The Oxford historians' discovery of Vienna

Matters of Identity: How German Are the Austrians?

After the First World War, the position of Austria was that its people, to all intents and purposes, were German. Therefore, Austria asked officially to be incorporated into the German state, to which it naturally belonged. After the Second World War, Austria claimed the exact opposite. Look as hard as they might, Austrians could detect no similarity whatsoever with the Germans. Come to think of it, some mused, Austrian German sounded so different, that it almost amounted to a different language. So, which is it? The question touches at the very heart of Austrian identity.

It is, of course, true that the Habsburg Empire was a multicultural empire, which was, in this respect, very different from highly homogenous countries like Germany. After the First World War, this empire was dissolved and Austria, comprising mainly of the ethnic German inhabitants of the Habsburgs, came out as one of the entities. The demand for unification with Germany was, thus, not so unreasonable. In fact, according to the foremost contemporary historian of Germany, Richard Evans, of all the provisions of the Versaille Treaty, signed after the First World War, the refusal to allow Austria national self-determination was “the most unjust.” Very likely, one suspects, the victors felt that it would be odd for Germany to lose the war and then be rewarded with extra territory and one of the most beautiful cities in Europe, Vienna. Reparations were in view, not gifts.

Welcoming of a Nazi soldier in Austria

In 1938, Hitler’s army started its invasion of Austria. Those being conquered turned out to be so ecstatic and eager to be conquered that even Hitler was astonished. So, the subjugation of Austria appeared very much like a popular celebration of the Nazi army, memorized in an embarrassing number of photographs and documentaries from the time. It was almost impossible to walk in the Kärtner Strasse, the main street in Vienna, Alma Mahler tells us in her memoirs, because of the thousands of flowers placed in front of Hitler’s portrait there.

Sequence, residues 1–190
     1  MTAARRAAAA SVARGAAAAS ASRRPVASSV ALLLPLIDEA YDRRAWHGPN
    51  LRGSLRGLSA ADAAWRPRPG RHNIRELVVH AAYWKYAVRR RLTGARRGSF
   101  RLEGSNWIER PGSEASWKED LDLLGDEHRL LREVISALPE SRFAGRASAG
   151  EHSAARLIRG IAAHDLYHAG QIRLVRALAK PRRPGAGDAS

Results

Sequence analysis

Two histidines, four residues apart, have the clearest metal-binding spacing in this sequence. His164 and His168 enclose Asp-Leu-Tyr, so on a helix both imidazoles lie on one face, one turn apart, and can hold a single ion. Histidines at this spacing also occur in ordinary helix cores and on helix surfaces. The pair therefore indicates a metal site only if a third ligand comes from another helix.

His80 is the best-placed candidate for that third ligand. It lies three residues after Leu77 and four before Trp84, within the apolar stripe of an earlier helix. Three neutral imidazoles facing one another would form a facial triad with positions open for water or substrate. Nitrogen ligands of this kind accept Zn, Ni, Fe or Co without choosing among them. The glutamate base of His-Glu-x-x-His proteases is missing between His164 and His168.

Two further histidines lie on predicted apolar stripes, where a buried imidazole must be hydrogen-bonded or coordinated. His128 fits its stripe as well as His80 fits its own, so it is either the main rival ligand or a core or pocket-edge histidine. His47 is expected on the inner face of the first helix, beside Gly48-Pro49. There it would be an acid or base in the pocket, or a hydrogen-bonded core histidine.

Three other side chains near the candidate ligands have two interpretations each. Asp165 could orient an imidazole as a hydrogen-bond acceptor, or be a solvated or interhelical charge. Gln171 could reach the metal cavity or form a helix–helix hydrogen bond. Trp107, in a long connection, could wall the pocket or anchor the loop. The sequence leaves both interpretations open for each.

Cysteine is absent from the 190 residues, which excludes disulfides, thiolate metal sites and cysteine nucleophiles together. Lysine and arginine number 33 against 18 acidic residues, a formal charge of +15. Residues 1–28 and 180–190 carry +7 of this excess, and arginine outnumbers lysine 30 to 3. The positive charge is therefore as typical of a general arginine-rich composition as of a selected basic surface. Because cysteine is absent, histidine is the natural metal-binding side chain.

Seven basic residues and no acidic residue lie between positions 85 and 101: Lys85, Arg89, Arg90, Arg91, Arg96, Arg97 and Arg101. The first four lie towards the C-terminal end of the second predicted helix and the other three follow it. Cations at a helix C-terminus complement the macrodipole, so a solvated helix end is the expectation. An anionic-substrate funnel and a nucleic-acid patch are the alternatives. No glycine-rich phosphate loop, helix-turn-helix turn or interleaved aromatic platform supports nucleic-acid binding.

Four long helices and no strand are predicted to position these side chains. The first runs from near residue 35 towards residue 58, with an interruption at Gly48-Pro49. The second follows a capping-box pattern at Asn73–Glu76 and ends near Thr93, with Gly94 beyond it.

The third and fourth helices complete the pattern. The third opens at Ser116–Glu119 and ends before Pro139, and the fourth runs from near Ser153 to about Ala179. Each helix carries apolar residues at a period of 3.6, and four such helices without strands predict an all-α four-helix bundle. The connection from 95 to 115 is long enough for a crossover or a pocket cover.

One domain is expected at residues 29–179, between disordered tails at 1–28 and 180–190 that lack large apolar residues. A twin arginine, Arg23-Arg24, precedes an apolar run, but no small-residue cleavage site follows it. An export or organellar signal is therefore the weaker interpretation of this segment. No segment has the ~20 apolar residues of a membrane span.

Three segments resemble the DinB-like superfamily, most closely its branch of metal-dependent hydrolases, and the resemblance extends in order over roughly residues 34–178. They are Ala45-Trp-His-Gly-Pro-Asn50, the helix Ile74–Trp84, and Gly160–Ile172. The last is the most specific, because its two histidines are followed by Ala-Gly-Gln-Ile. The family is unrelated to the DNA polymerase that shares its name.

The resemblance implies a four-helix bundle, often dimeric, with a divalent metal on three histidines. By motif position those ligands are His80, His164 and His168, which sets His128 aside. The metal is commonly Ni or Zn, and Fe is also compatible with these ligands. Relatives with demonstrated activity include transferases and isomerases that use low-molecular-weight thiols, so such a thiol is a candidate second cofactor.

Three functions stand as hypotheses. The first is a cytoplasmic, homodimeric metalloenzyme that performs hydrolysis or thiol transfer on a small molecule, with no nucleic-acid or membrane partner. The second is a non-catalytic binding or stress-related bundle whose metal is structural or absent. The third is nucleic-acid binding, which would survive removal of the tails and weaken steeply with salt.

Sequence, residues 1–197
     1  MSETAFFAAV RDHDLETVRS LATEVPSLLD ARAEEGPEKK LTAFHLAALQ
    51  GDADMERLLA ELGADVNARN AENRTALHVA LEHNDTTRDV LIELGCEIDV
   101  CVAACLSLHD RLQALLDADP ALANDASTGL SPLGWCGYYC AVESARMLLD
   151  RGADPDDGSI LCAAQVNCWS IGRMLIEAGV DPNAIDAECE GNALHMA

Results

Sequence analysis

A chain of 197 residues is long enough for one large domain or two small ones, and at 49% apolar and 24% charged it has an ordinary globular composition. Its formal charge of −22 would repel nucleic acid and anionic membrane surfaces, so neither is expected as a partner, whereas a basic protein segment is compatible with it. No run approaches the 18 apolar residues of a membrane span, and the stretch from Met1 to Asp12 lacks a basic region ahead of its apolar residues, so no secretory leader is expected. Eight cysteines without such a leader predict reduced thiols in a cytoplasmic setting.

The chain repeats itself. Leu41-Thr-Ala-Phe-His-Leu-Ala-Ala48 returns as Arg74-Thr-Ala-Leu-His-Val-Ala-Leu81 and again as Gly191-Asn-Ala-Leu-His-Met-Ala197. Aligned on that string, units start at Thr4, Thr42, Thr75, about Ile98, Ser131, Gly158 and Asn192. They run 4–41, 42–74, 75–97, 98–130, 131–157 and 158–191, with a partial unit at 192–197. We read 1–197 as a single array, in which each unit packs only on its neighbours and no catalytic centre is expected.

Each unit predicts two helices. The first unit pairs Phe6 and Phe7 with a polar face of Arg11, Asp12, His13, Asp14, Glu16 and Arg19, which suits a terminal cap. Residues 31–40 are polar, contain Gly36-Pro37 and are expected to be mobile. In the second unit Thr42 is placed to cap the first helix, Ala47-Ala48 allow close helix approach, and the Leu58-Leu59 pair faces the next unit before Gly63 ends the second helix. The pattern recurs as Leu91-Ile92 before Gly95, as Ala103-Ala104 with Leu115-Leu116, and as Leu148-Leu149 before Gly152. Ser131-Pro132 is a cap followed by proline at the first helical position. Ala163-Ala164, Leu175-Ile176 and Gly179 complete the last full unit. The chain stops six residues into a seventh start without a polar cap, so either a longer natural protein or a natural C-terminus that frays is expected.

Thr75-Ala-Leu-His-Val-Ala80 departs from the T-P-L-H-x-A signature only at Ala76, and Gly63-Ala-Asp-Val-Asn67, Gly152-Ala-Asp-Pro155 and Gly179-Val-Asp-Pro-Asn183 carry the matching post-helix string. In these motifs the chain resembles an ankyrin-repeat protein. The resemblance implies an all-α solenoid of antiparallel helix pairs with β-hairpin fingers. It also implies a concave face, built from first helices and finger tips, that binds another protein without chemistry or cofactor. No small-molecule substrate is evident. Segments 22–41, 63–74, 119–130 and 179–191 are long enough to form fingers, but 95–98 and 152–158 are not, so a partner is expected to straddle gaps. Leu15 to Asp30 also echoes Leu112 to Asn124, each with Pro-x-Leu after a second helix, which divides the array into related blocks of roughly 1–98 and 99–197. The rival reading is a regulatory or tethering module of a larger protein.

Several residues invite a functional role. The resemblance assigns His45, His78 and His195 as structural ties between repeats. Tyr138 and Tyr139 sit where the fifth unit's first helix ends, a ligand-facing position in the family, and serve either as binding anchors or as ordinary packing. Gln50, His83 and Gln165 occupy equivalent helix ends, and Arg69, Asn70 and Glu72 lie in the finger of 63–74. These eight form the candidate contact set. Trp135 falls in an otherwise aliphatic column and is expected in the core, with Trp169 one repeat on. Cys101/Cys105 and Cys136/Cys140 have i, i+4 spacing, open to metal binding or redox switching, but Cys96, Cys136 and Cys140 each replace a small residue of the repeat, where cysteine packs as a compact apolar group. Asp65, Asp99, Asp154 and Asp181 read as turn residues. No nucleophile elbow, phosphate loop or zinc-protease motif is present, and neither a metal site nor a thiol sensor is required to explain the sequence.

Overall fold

Understandably, after the war, this was not the sort of thing that Austrians were eager to attract attention to. So, very quickly they dissociated themselves from everything German, in the process coming up with some bizarre interpretations of history, culture, and language. Arguably, no other city's monument to the Red Army is polished so regularly and thoroughly as the one in Vienna, thus reminding us once again that Austria was liberated from Nazi Germany.

The monument to the Red Army in Vienna


What all this seems to point to is the problem of identity. To speak the language of Goethe, to belong to the great philosophical tradition of Hegel and Kant and the musical tradition of Bach and Handel – all this is so wonderful that one wants to close one’s eyes and wish away Hitler and his huge popular support that, quite inconveniently, are part of the same tradition. To quote again Evans: “If the experience of the Third Reich teaches us anything, it is that love of great music, great art, and great literature does not provide people with any kind of moral or political immunization against violence, atrocity, or subservience to dictatorship.”

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